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More software to do the work of CREATING music for you


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Sorry to break it to you but that's already been happening for a long time!

Yeah I started getting into mainstream music only recently, and it's between Dragonforce, Scorpions, Black Sabbath, Alice Cooper, Poison, Muse, etc... mostly bands from 10 years ago, or bands from 30-40 years ago.

Your parents probably remember when their parents hated all the cool new music they were listening to. I'm pretty sure they DON'T remember how their parents' music was infinitely better than the crap being fed to them at the time :|

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There's a lot of problems with the music industry, but I don't think this is terribly bad. Based on my brother's comments with Band-In-A-Box (he's used it at school), I think we're still a long way off from having professional-quality backing tracks generated on the fly. And even when that comes, it's becoming gradually easier for indie artists to get exposure, so I think we're progressing towards an environment where the consumers, not the record labels, decide who's good or not and spend their money accordingly. Basically, if you're a crappy artist who can't do your own parts or put together a band, even just using session artists, this technology isn't going to help you much.

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Since this seems more a discussion of the application of this technology rather than the technology itself, let me share something. Skip to 5:30 for the relevant bits, but be sure to go back and watch the jam session afterwards...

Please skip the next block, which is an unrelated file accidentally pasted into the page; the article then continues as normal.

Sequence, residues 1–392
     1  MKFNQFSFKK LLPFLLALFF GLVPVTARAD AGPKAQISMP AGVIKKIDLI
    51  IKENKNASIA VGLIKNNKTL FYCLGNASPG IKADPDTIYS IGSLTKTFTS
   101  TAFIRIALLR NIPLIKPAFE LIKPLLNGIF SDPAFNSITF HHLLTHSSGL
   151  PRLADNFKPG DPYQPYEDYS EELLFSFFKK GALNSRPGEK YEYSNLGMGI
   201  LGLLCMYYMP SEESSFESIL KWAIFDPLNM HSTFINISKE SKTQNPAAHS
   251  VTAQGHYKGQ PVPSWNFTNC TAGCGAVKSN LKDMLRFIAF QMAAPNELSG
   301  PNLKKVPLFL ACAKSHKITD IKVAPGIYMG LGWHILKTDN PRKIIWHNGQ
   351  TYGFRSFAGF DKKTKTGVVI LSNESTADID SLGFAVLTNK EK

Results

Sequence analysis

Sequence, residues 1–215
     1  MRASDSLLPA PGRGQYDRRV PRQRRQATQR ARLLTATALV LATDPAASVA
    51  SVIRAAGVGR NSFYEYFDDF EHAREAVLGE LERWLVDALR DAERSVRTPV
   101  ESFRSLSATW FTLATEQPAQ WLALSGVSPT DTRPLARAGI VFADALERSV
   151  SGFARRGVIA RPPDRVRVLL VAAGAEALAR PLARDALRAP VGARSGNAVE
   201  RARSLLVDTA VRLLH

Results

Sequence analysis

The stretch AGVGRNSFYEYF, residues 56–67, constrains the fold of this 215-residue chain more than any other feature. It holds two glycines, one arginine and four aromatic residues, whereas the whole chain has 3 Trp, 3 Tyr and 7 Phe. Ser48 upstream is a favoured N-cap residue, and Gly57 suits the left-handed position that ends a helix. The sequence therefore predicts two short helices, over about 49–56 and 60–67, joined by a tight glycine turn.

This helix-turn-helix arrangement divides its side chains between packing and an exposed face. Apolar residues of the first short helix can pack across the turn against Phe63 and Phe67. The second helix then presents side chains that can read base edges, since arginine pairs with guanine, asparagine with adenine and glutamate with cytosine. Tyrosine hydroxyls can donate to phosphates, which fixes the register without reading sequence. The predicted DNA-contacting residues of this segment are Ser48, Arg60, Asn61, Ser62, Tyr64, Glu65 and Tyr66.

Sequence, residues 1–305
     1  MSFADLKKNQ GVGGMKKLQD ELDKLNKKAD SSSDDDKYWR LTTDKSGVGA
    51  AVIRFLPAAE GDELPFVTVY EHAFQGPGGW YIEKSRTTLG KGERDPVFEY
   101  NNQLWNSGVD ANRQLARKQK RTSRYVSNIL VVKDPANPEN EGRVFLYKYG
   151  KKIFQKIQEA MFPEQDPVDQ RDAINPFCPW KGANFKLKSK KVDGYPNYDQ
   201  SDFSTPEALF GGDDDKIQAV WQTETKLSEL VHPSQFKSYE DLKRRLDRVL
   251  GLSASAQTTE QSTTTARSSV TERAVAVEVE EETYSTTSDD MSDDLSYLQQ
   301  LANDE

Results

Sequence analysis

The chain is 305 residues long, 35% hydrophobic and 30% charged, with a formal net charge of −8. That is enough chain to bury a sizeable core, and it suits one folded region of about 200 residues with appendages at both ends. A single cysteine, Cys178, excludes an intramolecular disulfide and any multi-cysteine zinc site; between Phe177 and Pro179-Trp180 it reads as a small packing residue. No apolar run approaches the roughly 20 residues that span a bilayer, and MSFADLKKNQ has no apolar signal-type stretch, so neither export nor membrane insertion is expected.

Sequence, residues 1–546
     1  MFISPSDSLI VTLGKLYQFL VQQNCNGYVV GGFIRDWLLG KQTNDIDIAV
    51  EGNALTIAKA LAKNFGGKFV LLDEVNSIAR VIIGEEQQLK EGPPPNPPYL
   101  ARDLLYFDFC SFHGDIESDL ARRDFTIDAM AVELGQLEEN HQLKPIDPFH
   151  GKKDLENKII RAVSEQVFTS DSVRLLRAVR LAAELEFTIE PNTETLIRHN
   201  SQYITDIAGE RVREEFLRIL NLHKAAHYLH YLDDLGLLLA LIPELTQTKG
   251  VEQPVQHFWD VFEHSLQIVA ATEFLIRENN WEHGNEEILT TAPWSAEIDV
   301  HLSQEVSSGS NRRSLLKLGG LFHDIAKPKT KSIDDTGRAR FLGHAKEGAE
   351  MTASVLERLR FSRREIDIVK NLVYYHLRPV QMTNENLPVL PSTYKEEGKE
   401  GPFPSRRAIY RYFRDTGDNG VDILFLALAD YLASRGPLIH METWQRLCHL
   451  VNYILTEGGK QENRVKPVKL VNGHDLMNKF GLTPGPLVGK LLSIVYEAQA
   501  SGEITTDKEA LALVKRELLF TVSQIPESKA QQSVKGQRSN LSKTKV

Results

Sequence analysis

Intelligent arrangers like Band-In-A-Box and MySong are merely one of many tools at your disposal. Experienced producers can benefit from them, as you can use them to explore a variety of musical ideas. Band-in-a-Box helped me work out ideas that I wasn't sure would work, and it showed me how ideas I thought would work actually didn't.

The more software like this, the better. Amateurs may use it to throw crap together, but people who know what they're doing will use it to create even better music.

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Since this seems more a discussion of the application of this technology rather than the technology itself, let me share something. Skip to 5:30 for the relevant bits, but be sure to go back and watch the jam session afterwards...

Intelligent arrangers like Band-In-A-Box and MySong are merely one of many tools at your disposal. Experienced producers can benefit from them, as you can use them to explore a variety of musical ideas. Band-in-a-Box helped me work out ideas that I wasn't sure would work, and it showed me how ideas I thought would work actually didn't.

The more software like this, the better. Amateurs may use it to throw crap together, but people who know what they're doing will use it to create even better music.

I completely agree!

I've been hearing a lot of the "software makes music for you, its gonna be the end of music as we know it!" theories for a long time and its only recently started to bother me. This kinda goes along with the new Melodyne software update that can take individual notes out of chords to fix it up. This only will help the experienced people make music better, not make shitty people good. No matter what medium of art, no matter how good the tools we use are, it isn't going to suddenly make all of the music shit. Sure there will be more amateurs and idiots making utter crap, but the talented people will always rise to the top.

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Because you are physically limited - you have only 2 hands and it's pretty damn hard to even learn to use them completely independently because one of 'm usually wants to mimic what the other's doing.